Despite the windy weather reports, we were all very much in high spirits and set off immediately after Team Giant climbing Helshoogte at a steady but rhythmic pace – it was a lot more chilled than usual but it was all part of "the plan". The descent down the other side into Pniel was fast but focussed, as there was no real point of going hell for the leather and doing anything stupid. But then disaster struck. Brendon got a puncture, as we turned left on the R45 at Groot-Drakenstein. Down to 10 Savages.
The Coro Stars came thundering ahead of us shortly after Brendon’s demise and this got the guys a bit riled up to chase back. Especially Will. He didn’t like the manoeuvre and started dropping some long periods of hammer on the front until we eventually moved ahead of them. The wind started to noticeably pick up at this point and we got to experience some of its wrath, as we turned left on the R101 to Klapmuts. Nobody said a word. We all knew deep down what was waiting for us on the other side of Bothmanskloof Pass at Riebeeck Kasteel, but we soldiered on at a decent pace, in an attempt to iron out any gremlins in our pace line.
Another blow to the Savage train came when the Bus called it in at around the 40 km mark – the big man was taking shots after battling a virus all week. A big blow indeed and with 130km still left to negotiate we were down to nine Savages. We soldiered on and were thundering along at 40 km/h average speed until – another mechanical. This time it was Will.I.am who had been in charge of hammer-dropping had suffered a puncture! Only eight Savages left. Waldo took over the leadership role and marshaled the troops by restoring a semblance of order. We held our pace until the left-hand turn at Hermon. Then the photographer came past on the motorcycle… Aaron got a bit carried away here as he’s been running low on Instagram content but slowed down after a barrage of slander.
Emotions ran rampant up the climb but we all summited together and began the descent, which would lead us into Malmesbury. At this point the wind was more a crosswind than anything else and, although it wasn’t as hectic as we imagined, it would become a 32 km/h block headwind once we hit the R302. Coro Stars came through at pace and we’d never see them again, except 3 or 4 fallen soldiers. It wasn’t long before we lost the Centaur, battered from exposure to the wind. Down to seven Savages.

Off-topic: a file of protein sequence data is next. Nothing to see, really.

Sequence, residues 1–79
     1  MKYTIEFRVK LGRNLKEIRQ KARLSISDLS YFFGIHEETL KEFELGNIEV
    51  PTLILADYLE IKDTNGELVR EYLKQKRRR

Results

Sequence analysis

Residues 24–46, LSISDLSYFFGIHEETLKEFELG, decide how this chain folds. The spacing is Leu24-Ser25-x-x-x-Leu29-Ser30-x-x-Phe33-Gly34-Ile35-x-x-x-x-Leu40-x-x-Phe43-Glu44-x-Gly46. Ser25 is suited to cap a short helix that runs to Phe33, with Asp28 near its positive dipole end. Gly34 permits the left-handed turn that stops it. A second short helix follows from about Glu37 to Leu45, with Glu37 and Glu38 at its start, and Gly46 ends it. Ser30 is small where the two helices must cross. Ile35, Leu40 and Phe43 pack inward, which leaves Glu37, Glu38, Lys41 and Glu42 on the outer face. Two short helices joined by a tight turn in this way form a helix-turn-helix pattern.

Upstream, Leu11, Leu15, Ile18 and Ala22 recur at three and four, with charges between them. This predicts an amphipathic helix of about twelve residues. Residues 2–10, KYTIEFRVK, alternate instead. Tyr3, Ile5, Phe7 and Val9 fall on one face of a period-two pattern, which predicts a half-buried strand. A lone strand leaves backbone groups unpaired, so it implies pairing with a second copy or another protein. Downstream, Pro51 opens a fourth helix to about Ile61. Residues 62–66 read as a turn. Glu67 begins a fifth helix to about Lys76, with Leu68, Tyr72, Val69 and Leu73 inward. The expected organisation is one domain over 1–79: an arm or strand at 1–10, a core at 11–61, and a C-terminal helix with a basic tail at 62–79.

Stephen was taking some serious strain and began to resemble Chris Froome as he focused more on his stem than anything else – he hung on for dear life along with one of Coro’s fallen warriors. The wind was not letting up, when you are hammering and all you can muster is 24 km/h at best, you start questioning life decisions. Klyde the cannonball rode like a champ – earning his place in the DC team by digging deeper than we’ve ever seen him dig before, clocking up an average heart rate of 171bpm for 5 hours. The remaining 20 km back into Stellenbosch were probably the toughest of the race – the headwind became a crosswind, which in turn became a second wind as we tried to extracted as much out of every pedal stroke as possible.
Theunis and Waldo were formidable out there and Willie who for once in his life, actually finished two bottles of fluid. Fatigued, depleted and bereft of any sense of levity, we rode as hard as we could to the finish. Cool Shades and Waldo shepherded the boys over the last few rollers. With 2km to go, we saw our final bit of bad luck, we lost the man with no socks to a spectacular hydrogen-bomb-style puncture. Down to six Savages. We crossed the line in a time of 5h 02m, 3rd place in the inaugural team category. We managed to stick to the Savage plan, which was to cross the line with 6 riders, although it was not exactly how we envisaged it unfolding. The boys learned a lot out there in the wind today – lessons we’ll surely utilise come Double Century time. One thing’s for sure: the boys know how to hammer.
Kudos to Brendon, Will and Bernie who still had the fortitude to finish – particularly Bren who rode pretty much 120km by himself. Next week the team tackles the Durbie Dash for a quick 90km of pain. Hopefully, the South Easter takes the day off.